One lasting memory I have from my time spent in a farming hamlet in West Shawa, Ethiopia is sitting down to dinner inside a round, mud hut beneath a thatched roof. In front of me was a cooking fire; beside me my Ethiopian family; some kids, Mum, brother-in-law. I remember it was dark inside except for the dim light of the coals. I was eating a plate of stir-fired meat with some crumbly cheese and moist bread called kotcho, feeling the warmth of the fire on my shins. It would have been like a family camping trip if not for the sound of a donkey urinating on the floor directly behind me. The donkey was one among a host of livestock animals in the house at the time. It was all part of the culture-shock that was hitting me like a hammer; eating and sleeping in a house that was divided by a pole and a hitching post, with family on one side of the post and animals on the other. Goats, sheep, donkeys, horses, cows. There was no interaction between people and animals in that hut, it was like a house of two families who spoke different languages and ate different food. The animals simply stood in silence, watching us as we ate our dinner, drank our barley-liquor, and talked and talked and talked until one by one we dropped off to sleep.
The presence of the animals in the house was not a response to anything out of the ordinary. It wasn’t windy or hailing outside. But neither was it something that the locals did because they wanted to be close to their livestock. After all nobody appreciated donkey pee on the living room floor. The reason that the animals were inside the house that night, and every night, was what lurked outside: hyenas. In this part of Ethiopia, hyenas are not as fondly abided as they are in Harar. In West Shawa hyenas are considered a sort of sinister society; a population of creatures of both physical and supernatural power who hold sway over the land whenever it is dark. People here are very afraid of hyenas. Nobody goes out alone after dark and stories abound of hyenas breaking into huts and attacking people foolish enough to try and defend their livestock. More than that though is the effect that the presence of hyenas seems to have on livestock animals. Rather than needing to be rounded up and corralled at the end of the day’s grazing, the animals dutifully line up at the end of the day, waiting to be let into the house. Of course I don’t have access to these animals’ minds so I can’t be certain whether it’s fear of hyenas or habit (or a combination of both) that leads them to behave in such a way and so there was the makings of a research project.
It was the dynamic between humans, livestock and hyenas that got me to thinking outside of my Western-constrained mindset – opening up for me a bunch of possibilities for the Neolithic when humans began keeping – or living in closer proximity to – goats, sheep and cattle. For someone like me who, if not for the whim of my parents and a program called assisted passage, would have been born in the UK, the idea of having your livelihood dictated by the presence of predators is outlandish. Lions and hyenas are long gone from the British Isles and bears and wolves were eradicated by the 11th and 17th Centuries respectively. In Britain, sharing a landscape with large carnivores is as foreign a concept as a classless society. The English take it as a given that humans have dominion over the landscape and over the domestic animals who graze over it. So not surprisingly, contemporary theories about animal domestication, which emerged out of and circulate among the English-speaking world, are as ecologically barren as the English countryside. They see domestication as something that humans did to animals through some means of control. They propose an evolution of hunting strategies that led to animals being corralled or fenced within steep ravines (which as anyone familiar with goats knows would be futile). What is missing in these accounts of livestock domestication is a third element: predators.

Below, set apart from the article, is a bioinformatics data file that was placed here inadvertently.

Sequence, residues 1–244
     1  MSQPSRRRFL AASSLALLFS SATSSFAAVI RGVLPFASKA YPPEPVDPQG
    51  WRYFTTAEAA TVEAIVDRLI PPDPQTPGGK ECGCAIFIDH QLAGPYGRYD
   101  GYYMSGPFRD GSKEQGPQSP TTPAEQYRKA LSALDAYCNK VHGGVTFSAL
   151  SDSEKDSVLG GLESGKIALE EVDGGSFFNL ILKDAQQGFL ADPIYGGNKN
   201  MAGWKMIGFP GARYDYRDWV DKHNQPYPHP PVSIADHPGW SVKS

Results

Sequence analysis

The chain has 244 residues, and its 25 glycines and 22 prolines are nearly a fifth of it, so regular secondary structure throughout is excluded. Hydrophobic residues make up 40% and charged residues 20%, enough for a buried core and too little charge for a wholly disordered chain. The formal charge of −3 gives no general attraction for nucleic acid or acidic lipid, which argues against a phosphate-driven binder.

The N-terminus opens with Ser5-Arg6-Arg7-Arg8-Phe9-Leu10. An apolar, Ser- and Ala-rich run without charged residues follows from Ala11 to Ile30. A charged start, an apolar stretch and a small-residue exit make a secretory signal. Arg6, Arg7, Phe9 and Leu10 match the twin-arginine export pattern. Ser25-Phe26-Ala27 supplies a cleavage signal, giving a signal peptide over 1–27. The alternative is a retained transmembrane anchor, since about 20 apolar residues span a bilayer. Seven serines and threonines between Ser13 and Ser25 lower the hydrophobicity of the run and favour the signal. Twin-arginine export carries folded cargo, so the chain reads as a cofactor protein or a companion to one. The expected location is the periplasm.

The places where goats, sheep and cattle were first domesticated were far more like West Shawa than West Sussex. In fact, in the middle east of the Neolithic, where goats and sheep were first domesticated, there were lions, leopards, bears, wolves, and striped hyenas and in fact only lions have since disappeared from that region and that was only a couple of thousand years ago. And given the impact that predators have on contemporary farming societies, it stands to reason that any theorising about early animal domestication must take into account the presence of predators. So there emerged a research question that still included hyenas but which had a lot of potential in terms of understanding early animal domestication: How did the dynamics between humans, livestock, and predators affect domestication processes? In the next post I’ll explain how this question and a political event involving a land-grab would circle me back around to my homeland: Australia.